Bennett President to Resign

Rosalind Fuse-Hall is the latest executive casualty of an industry in danger and a culture in crisis.

Rosalind Fuse-Hall is the latest executive casualty of an industry in danger and a culture in crisis.

Three months ago, Bennett College President Rosalind Fuse-Hall was on a roll. Alumnae of the 143-year-old institution had just given more than $700,000 in support of scholarships and capacity building at the school, and the college was six months removed from announcing a new partnership with Wells Fargo Advisors to train women for the financial sector.

Next week, she will step down as president after three years at the helm of an institution with $29 million in economic impact to the State of North Carolina, and generations of social and professional impact on thousands of women around the world.

She says she’s leaving to pursue opportunities. Industrial wisdom tells the observer that probably, she’s being forced to resign. The reasons aren’t secret — Bennett’s double burden as a historically black college for women has been heavy to carry in the swirling changes in higher education.

Black women, one of the nation’s fastest-growing ethnic groups in terms of educational access, have the largest cross-section of college choice, scholarship opportunities, and statistical probability of completing college on time and getting a job. Cruelly and bluntly, they no longer need Bennett College to stand in the gap for their professional development.

The heart wants to ache for that stinging reality, but the head makes a difficult case against it. Sweet Briar College, a predominantly white women’s liberal arts college in rural Virginia, tried to close last year but had its doors pried open by stubborn alumnae, who raised money, sued the board of trustees, and literally traveled to campus to rehab facilities and to recruit new students.

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First, they (alumnae) kept the college open by pledging $28.5 million in 110 days and delivering $12 million by Sept. 2, 2015.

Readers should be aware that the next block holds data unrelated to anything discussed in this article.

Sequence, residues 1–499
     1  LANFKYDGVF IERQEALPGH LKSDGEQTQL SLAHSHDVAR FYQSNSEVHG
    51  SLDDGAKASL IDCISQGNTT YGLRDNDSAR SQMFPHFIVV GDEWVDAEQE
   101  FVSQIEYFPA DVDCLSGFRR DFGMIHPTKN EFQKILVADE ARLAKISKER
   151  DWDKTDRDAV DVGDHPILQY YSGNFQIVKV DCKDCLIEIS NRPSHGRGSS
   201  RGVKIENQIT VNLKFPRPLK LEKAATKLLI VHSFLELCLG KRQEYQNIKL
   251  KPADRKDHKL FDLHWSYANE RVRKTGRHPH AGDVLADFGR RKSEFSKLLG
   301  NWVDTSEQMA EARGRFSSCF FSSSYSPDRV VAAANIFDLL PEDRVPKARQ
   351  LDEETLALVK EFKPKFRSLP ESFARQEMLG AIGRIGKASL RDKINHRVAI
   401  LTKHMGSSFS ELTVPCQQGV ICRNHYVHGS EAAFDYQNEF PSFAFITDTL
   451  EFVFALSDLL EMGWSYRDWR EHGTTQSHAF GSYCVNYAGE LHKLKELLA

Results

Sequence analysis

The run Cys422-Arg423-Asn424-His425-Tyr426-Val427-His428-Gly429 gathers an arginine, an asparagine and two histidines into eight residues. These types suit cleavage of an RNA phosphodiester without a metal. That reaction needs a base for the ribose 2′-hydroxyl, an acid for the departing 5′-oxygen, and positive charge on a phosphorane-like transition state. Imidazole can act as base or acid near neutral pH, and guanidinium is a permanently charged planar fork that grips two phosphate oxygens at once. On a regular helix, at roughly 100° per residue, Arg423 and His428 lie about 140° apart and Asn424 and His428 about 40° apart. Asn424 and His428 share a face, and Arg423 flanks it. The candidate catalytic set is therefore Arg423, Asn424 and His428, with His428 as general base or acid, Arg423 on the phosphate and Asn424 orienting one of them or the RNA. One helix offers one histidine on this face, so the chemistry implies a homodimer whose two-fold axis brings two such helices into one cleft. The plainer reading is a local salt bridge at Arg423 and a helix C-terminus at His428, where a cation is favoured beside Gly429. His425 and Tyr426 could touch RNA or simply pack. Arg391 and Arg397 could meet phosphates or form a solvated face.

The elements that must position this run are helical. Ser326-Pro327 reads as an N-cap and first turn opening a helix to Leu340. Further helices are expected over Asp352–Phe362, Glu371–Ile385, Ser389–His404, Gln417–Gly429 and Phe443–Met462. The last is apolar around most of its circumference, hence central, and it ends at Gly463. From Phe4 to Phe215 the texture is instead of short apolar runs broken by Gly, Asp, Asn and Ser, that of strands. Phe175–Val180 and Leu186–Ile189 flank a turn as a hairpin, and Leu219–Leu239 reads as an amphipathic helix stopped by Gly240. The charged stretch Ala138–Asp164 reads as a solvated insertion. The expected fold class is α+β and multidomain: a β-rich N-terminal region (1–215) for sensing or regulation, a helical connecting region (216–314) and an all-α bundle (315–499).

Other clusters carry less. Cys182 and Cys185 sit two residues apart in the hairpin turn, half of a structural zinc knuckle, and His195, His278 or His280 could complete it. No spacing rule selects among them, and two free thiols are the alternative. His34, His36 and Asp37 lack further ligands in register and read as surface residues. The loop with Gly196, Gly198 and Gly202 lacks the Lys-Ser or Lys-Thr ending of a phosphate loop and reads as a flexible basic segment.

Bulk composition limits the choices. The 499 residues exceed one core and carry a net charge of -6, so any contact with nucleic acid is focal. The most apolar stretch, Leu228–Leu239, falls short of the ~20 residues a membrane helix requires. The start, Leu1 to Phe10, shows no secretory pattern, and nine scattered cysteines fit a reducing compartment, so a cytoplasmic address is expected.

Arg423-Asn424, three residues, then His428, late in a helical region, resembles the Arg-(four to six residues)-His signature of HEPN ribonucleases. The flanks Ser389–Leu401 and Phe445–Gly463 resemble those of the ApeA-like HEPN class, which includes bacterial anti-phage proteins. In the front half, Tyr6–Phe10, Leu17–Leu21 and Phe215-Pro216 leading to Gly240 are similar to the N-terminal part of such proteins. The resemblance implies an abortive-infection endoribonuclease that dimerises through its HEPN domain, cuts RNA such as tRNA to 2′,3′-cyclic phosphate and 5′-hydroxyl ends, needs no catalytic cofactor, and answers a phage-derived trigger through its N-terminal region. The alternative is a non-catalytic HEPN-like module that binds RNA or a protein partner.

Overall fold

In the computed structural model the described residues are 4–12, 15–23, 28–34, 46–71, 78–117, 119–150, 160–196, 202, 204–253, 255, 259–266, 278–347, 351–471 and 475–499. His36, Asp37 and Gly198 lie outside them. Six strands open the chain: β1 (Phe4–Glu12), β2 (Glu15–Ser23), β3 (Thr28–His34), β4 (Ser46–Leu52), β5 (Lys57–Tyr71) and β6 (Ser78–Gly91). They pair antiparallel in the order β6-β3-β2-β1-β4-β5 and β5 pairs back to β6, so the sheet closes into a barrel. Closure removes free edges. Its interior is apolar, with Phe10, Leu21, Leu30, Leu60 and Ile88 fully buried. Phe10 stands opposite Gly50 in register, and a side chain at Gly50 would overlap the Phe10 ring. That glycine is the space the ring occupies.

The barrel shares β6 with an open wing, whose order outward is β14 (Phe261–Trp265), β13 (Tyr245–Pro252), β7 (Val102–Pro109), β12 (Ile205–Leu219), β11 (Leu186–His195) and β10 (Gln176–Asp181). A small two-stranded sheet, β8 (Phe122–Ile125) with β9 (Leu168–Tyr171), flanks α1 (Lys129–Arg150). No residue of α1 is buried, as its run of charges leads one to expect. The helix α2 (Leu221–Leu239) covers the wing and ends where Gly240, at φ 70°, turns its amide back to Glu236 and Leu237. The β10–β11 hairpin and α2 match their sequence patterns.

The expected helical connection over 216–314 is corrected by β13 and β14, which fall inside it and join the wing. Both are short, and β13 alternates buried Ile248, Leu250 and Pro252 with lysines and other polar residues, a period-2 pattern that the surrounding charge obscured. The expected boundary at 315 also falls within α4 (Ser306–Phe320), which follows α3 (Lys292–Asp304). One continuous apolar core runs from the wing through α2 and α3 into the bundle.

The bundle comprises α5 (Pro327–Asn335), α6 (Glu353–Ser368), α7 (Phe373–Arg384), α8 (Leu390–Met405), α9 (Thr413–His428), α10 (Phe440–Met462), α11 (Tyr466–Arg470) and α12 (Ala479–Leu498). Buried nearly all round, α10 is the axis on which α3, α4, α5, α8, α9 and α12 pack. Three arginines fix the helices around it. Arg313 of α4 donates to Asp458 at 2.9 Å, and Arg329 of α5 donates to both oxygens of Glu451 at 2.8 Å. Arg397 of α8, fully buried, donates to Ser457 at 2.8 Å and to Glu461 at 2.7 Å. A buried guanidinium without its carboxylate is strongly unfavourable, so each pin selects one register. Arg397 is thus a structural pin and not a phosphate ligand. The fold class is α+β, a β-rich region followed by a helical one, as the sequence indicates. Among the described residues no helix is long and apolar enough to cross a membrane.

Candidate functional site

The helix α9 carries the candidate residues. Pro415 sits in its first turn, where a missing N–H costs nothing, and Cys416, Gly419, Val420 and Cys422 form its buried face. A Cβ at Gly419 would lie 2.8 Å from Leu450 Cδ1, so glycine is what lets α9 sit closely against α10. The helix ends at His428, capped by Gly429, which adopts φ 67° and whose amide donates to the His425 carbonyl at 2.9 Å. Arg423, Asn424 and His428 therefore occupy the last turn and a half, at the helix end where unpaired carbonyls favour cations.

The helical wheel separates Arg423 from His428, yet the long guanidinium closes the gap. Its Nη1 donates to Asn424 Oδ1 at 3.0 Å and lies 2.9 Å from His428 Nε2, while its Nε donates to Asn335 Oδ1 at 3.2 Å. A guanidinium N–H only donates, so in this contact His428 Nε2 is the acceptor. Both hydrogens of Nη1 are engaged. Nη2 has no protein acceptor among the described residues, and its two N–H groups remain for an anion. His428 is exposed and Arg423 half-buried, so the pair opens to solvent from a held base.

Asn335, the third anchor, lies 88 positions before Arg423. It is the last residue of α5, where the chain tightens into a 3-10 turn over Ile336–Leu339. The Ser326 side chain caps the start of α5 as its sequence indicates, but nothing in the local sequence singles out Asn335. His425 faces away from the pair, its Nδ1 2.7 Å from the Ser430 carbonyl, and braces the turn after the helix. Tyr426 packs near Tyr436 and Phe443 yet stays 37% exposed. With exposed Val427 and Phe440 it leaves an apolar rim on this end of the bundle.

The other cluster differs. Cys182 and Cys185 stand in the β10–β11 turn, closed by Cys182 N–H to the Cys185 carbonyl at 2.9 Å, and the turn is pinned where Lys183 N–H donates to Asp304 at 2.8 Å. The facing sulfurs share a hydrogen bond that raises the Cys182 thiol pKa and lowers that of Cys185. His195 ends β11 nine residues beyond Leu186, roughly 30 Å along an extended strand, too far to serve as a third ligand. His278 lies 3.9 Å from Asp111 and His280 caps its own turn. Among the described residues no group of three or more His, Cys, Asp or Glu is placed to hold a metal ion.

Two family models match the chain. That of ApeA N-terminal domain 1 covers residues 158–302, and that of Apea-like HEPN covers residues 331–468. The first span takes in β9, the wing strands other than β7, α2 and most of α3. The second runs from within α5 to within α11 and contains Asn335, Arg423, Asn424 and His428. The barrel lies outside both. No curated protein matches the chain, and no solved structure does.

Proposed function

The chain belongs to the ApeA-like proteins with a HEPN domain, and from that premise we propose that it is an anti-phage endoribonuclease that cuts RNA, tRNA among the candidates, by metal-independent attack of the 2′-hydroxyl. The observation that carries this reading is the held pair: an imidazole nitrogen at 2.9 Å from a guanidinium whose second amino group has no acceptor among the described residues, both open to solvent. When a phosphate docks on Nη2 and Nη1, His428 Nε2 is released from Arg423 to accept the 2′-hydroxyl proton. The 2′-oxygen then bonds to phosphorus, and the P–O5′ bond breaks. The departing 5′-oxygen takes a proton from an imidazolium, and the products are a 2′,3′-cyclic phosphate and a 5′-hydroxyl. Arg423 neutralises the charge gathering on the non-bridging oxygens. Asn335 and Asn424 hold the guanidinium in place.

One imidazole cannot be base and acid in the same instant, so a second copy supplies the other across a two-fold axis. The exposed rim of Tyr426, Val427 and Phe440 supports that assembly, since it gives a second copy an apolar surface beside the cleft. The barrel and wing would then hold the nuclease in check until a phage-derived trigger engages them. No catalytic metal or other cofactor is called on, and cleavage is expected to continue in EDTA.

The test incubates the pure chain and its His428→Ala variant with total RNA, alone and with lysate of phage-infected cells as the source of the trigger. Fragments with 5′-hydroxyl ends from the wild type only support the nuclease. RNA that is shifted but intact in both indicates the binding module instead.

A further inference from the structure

This year, they raised $10.25 million to help cover costs incurred by the near-closure.

And it’s not just money. Our alumnae staffed 400 college fairs this year. They come to campus in the hot summer in overalls to paint, hammer and weed as they maintain historic buildings and gardens. They even rallied enough votes for Sweet Briar to win the national online Sports Illustrated mascot contest.

This year, our community was forced to adapt to extraordinary circumstances. But adapting is crucial to thriving in a higher education marketplace dominated by a single question: What will tuition money buy?

And that’s the biggest question facing Bennett and so many HBCUs: how to adapt to the new industrial imperative of higher education? If our graduates, who are comparatively low in number even against schools like Sweet Briar, and who don’t have transformational wealth to donate millions in a span of weeks, is there anything that suggests oblivion can just be sidestepped?

If we don’t have the vision to amend or create programs that attract research funding, top high school students and corporate partnerships, are we maintaining tradition or singing our own funeral dirges disguised as school songs and hymns?

Bennett has faced accreditation warning three times since 2000, cited each time for financial issues. Six presidents have guided the institution over that same period, and following a peak in 2010, enrollment at the school has plummeted following the Pell Grant/PLUS Loan Crisis of 2011.

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And now, with just over 10 days before the start of the fall semester, circumstances and culture have claimed another HBCU president, pushing the total number of black college presidential transitions to near 40 over the last two years.

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You can only hope for Bennett, and other HBCUs to survive the economic and political onslaughts which threaten, according to some estimates, more than a third of our four-year institutions with extinction.

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But even if they survive today, it is only for the tormenting delay of an inevitable truth: America doesn’t want HBCUs, and the niche groups in Black America willing to send their children and gifts to schools like Bennett aren’t large enough to save them.